Circuit Minimization G=N 3 ’N 0

Karnaugh Maps Graphical representation of a logical function’s truth table. The map for an n-input logic function is an array with 2 n cells. The small numbers inside the each cell are the corresponding minterm numbers in the truth table. Truth table inputs are labeled from left to right ( e.g. X, Y, Z).

Karnaugh Maps To represent a logic function on a Karnaugh map, we simply copy the 0s and 1s from the truth table to the corresponding cell of the map. Notice that the cells are numbered in such a way that they differ by a single bit. The cell wrap around when adjacency is considered. Therefore cells 4 and 0 are adjacent.

Karnaugh Maps In general we can simplify a logic function by combining adjacent 1- cells whenever possible, and writing a sum of product term that covers all of the 1-cells. The number of adjacent 1-cells being simplified has to be a power of 2. F=X’YZ’+X’Y’Z+XY’Z+XYZ F=X’YZ’+X’Y’Z+XY’Z+XY’Z +XYZ F=X’YZ’+Y’Z(X’+X)+XZ(Y’+Y) F=X’YZ’+Y’Z+XZ

Karnaugh Maps A set of 2 i 1-cells may be combined if there are i variables of the logic function that can take on all 2 i possible combinations within that set, while the remaining n – i variables have the same value throughout that set. The corresponding product term has n – i literals, where a variable is complemented if it appears as 0 in all of the 1-cells, and uncomplemented if if appears as 1 (page 224).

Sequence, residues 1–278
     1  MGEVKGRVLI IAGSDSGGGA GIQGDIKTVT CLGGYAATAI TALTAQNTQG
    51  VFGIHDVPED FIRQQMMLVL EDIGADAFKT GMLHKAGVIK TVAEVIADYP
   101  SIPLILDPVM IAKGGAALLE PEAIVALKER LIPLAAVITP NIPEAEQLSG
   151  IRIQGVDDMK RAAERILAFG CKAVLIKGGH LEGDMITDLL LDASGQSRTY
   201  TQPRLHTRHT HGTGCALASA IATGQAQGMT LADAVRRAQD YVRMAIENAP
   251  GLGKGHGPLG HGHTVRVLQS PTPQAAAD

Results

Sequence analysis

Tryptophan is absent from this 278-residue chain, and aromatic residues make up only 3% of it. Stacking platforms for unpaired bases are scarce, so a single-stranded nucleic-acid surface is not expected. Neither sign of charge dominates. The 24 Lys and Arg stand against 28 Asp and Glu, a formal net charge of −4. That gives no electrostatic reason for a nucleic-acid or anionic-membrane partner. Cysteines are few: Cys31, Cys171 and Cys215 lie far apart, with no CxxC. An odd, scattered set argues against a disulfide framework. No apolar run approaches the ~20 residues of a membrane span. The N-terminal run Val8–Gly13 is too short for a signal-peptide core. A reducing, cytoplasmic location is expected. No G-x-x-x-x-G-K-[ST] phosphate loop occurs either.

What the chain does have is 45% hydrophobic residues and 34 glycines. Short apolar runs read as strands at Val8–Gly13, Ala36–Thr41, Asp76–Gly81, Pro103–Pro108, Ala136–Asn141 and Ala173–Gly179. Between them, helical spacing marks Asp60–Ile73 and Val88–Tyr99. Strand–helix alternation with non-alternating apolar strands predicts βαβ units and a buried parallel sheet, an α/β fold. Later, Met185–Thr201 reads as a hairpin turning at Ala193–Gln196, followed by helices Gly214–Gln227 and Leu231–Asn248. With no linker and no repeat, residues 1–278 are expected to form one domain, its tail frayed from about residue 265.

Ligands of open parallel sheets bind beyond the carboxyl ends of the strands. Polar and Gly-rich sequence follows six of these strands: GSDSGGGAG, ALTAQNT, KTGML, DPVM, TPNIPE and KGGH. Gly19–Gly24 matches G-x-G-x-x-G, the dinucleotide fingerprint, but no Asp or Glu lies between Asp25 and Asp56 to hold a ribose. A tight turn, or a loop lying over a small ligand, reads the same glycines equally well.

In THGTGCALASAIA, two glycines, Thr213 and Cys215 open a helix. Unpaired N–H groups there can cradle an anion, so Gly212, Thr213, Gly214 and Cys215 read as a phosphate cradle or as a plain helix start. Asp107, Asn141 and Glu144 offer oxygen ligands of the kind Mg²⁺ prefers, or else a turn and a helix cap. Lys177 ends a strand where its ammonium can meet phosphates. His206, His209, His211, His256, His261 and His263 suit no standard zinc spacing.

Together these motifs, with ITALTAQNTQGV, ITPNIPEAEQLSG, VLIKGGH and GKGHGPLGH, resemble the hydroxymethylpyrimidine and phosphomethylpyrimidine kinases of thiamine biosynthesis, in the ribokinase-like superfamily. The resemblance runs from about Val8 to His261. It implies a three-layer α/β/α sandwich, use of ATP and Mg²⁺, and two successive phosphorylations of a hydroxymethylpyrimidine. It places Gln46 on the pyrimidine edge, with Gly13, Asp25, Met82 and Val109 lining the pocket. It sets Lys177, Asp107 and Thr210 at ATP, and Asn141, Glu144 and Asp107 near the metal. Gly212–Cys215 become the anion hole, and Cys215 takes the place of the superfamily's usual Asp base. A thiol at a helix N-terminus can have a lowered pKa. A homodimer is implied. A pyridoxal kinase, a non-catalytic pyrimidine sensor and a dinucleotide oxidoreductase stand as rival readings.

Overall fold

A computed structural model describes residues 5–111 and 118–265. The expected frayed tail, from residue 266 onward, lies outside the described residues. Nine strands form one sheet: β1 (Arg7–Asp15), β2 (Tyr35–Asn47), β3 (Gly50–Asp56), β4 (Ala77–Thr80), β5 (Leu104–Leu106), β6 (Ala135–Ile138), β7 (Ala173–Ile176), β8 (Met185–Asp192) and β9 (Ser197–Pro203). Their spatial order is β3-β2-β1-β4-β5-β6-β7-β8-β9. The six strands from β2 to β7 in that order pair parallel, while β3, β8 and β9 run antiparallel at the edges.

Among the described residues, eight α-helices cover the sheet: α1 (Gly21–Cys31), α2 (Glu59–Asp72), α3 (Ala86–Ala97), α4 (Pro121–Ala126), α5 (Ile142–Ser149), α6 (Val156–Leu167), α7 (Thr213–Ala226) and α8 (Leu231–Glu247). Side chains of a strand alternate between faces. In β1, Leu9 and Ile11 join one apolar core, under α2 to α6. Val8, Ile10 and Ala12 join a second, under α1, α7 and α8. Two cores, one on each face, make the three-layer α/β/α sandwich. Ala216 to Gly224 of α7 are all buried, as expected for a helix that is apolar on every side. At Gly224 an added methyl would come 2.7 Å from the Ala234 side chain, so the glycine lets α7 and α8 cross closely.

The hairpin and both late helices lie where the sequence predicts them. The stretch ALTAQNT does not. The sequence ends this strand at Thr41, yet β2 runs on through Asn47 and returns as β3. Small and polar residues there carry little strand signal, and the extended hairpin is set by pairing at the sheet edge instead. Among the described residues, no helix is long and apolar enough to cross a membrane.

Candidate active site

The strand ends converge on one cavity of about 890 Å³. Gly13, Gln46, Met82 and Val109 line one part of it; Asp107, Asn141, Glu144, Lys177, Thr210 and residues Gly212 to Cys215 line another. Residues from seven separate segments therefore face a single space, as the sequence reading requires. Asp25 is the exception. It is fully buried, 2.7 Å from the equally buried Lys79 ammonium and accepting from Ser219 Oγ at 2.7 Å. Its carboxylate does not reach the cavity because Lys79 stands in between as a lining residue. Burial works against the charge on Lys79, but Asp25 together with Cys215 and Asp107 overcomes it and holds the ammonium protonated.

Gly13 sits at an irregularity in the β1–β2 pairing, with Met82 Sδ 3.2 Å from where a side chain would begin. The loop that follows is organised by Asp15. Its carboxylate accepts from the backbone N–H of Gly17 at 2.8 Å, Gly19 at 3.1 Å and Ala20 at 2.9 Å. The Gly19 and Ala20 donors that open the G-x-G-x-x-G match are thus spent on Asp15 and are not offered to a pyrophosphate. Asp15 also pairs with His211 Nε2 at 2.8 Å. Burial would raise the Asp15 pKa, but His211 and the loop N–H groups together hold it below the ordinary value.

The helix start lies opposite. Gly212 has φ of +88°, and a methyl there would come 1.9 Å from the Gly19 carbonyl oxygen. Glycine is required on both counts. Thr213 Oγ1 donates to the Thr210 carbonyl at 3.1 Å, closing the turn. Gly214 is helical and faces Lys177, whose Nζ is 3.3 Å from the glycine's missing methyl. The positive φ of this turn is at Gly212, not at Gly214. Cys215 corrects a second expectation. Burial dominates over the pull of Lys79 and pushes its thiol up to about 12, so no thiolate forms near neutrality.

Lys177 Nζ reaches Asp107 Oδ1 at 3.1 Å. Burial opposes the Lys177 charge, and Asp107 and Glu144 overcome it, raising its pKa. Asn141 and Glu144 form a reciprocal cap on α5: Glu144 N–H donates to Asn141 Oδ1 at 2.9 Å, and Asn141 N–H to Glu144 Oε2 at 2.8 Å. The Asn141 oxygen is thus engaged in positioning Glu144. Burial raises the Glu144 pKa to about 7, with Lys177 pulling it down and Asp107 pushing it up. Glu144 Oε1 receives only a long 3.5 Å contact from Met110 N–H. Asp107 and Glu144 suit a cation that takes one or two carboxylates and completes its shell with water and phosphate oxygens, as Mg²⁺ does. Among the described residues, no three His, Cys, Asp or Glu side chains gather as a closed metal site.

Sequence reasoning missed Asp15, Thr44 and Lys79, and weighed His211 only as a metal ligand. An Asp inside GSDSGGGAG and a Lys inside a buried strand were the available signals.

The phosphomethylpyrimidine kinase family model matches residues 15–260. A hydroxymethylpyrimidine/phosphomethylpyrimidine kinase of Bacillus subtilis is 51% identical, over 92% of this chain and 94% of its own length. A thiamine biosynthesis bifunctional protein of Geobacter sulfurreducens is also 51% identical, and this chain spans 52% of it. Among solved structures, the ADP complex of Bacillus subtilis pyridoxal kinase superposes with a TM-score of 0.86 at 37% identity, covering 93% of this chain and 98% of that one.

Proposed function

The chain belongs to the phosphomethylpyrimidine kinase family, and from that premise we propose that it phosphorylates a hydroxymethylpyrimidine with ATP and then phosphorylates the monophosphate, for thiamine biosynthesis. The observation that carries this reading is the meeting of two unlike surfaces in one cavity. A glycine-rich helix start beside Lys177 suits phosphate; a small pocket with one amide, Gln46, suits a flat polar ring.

Karnaugh Maps

A minimal sum of a logic function F(X 1,…,X n ) is a sum of products expression for F such that no sum of product expression for F has fewer product terms, and any sum of products expression with the same number of product terms has at least as many literals (page 225).

Karnaugh Maps A logic function P(X 1,…,X n ) implies a logic function F(X 1,…,X n ) if for every input combination that P=1, then F=1 also (page 225). Shorthand: P  F. We may also say that “F includes P” or that “F covers P”.

Karnaugh Maps A prime implicant of a logic function F(X 1,…,X n ) is a normal product term P(X 1,…,X n ) that implies F, such that if any variable is removed from P, then the resulting product term does not imply F (page 226).